The thought and philosophy of Christians has sometimes been that of extremes, both good and bad. To many people throughout the world, it was literally a matter of eternal life or eternal damnation however, and this mattered a great deal: so much so, that people were willing to kill and be killed. In addition, theology can also hinge on some very subtle distinctions that are hard to grasp now. Be prepared for some theology then, but if you are prepared, this is fascinating and well written. MacCulloch has a dry wit and can sometimes brings a smile (or even laugh) throughout, keeping the narrative alive and interesting.
So far, always an excellent writer and historian.
You can't really argue with Michelangelo (not even Pope's do that successfully), which meant a second visit to the National Gallery for the Michelangelo & Sebastiano show.
Part of the interest here is learning more about some of the daily routine, rough competitiveness and petty jealousies of these top artists. Michelangelo was a notoriously prickly person but warmed to Sebastiano, helping him with his composition and anatomy. This seems to have been driven by his hatred of his younger rival for work, Raphael, who many considered the better overall painter. Michelangelo worked with Sebastiano as a way to win commissions from Raphael, and a form of one-upmanship. No friendly rivalry here.
There are some amazing pieces of work in the show of course, including a cast of Michelangelo's masterpiece Pieta, his Taddeo Tondo and Sebastiano's Raising of Lazarus. One of my favourites is Sebastiano's Judith (below), a smaller painting but with a real character, and beautifully painted.
There's a good overview of the show and the two artists by the curator, Matthias Wivel, on YouTube. The National Gallery has a channel of its own as well, and is well worth a browse. Some great talks in front of various works.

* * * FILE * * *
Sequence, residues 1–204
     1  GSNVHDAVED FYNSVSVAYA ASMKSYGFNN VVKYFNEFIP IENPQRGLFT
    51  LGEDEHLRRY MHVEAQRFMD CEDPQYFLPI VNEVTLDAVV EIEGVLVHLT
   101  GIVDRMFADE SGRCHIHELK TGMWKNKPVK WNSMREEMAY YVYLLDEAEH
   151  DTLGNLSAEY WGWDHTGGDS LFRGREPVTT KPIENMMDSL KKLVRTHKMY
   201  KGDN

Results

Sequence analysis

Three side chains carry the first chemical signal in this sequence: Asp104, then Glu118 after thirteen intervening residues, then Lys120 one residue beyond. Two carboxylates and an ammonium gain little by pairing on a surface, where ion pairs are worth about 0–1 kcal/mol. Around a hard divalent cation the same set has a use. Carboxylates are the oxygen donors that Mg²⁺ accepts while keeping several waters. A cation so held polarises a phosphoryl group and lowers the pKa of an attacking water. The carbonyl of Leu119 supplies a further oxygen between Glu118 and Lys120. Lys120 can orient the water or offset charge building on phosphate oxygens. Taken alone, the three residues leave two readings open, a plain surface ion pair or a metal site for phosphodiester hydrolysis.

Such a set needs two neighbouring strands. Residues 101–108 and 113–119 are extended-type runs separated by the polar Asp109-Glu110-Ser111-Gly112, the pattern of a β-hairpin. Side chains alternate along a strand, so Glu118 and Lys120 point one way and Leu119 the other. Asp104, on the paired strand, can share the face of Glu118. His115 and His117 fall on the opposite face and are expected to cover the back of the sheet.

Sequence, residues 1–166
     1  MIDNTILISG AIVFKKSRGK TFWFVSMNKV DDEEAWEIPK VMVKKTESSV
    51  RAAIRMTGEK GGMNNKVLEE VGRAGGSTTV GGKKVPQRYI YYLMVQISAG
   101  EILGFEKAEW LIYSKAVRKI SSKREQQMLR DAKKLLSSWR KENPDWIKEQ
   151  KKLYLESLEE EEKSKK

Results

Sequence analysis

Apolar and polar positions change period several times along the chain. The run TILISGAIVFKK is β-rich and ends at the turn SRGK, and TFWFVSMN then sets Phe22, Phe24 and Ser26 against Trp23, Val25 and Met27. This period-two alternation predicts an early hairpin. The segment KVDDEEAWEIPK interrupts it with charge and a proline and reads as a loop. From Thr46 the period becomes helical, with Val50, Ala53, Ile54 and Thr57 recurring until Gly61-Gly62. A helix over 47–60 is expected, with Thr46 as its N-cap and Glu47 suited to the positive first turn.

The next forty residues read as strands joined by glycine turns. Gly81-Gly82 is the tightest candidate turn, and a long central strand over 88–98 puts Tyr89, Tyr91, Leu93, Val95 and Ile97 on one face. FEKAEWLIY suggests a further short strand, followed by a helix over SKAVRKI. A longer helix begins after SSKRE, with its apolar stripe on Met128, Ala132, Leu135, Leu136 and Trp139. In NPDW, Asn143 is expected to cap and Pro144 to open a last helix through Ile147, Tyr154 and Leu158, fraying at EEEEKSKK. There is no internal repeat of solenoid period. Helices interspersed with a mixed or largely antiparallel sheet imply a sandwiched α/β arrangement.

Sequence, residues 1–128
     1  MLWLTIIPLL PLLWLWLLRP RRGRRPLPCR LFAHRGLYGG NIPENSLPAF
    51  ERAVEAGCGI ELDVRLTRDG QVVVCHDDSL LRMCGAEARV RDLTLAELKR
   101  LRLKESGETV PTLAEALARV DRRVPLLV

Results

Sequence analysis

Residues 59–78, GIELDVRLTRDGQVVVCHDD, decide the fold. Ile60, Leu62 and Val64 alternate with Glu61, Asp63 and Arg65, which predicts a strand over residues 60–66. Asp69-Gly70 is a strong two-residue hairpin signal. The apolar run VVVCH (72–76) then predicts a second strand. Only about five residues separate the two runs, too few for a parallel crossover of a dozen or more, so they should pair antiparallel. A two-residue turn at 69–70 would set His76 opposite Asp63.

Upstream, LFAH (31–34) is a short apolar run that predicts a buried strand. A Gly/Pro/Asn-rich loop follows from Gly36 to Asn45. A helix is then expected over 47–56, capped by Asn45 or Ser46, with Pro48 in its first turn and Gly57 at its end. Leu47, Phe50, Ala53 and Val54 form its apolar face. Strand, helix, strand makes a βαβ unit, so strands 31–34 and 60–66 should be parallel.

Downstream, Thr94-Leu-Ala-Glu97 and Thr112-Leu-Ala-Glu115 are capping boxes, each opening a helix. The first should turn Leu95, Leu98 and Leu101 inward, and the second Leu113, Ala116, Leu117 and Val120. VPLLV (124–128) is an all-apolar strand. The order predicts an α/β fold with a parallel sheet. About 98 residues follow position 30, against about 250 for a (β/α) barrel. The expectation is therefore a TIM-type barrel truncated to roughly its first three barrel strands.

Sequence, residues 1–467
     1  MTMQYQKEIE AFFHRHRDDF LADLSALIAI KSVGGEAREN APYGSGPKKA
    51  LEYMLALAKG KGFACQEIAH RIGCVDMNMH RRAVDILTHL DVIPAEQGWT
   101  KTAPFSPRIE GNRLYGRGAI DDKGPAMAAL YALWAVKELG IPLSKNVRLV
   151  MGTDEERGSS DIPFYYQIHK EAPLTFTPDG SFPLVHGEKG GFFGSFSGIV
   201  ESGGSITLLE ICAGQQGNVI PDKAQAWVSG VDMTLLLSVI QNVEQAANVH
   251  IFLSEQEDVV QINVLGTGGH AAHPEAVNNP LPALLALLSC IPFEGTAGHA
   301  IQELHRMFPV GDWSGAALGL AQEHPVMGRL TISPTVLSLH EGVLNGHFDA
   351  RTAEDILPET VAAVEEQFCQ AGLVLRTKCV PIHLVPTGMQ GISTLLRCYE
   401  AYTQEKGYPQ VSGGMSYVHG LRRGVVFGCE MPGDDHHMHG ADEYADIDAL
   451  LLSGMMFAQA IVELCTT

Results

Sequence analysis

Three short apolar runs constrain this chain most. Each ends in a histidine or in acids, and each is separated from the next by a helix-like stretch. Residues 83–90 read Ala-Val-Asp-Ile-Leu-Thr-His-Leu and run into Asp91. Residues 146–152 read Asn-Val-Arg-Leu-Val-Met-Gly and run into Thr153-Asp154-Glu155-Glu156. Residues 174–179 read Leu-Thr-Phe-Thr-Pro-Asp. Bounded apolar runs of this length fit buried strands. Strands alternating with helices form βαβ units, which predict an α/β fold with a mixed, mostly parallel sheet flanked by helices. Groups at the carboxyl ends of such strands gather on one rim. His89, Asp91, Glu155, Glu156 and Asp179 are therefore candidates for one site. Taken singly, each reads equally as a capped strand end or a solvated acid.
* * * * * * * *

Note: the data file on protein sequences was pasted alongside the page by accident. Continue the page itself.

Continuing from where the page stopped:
As I stood in front of The Raising of Lazarus, I thought to myself: that's quite an amazing frame! The painting itself is very large, almost 4m high and almost 3m wide, and the frame is impressively large and solid as well :
Looking for some information on the frame,I discovered a very interesting blog all about frames by Lynn Roberts, a picture frame expert. The blog is called The Frame Blog and has a recent post about the Lazarus frame itself, covering the paintings reframing in great detail. It really is a fascinating post, accompanied by a video :
I'll almost certainly return again I think.
The British Museum has a world class collection of Chinese ceramics, the Sir Percival David Collection. Even I, almost completely ignorant of this art and craft, could see how good some of the pieces are. This vase was one small item that took my interest because of its very subtle painting and glazing. This is a Vase with ‘peach-bloom’ glaze and the museum has a page about it here. Qing dynasty, 1662-1722.
This innovative glaze was technically challenging. Potters covered the vase with a layer of clear glaze, followed by a layer of copper-rich pigment, possibly blown on, and added further layers of clear glaze on top. When fired in a reducing atmosphere, this sandwiched colour developed into soft mottled red and pink with flecks of moss-green.
I took a slightly less well composed and lit photograph of it and thought I'd try doing a painting.Below: Peach Blossom, oil, 6x8"
George W Bush, ex-President of the United States never got much good press, and even this New Yorker article on him and his new paintings has a grudging and slightly mean-spirited tone. Leaving politics, economics and war aside though, the author really likes the paintings :
The quality of the art is astonishingly high for someone who—because he “felt antsy” in retirement, he writes, after “I had been an art-agnostic all my life”—took up painting from a standing stop, four years ago, at the age of sixty-six.
I think they're pretty good as well. Paintings of veterans of the wars in Iraq and Afghanistan :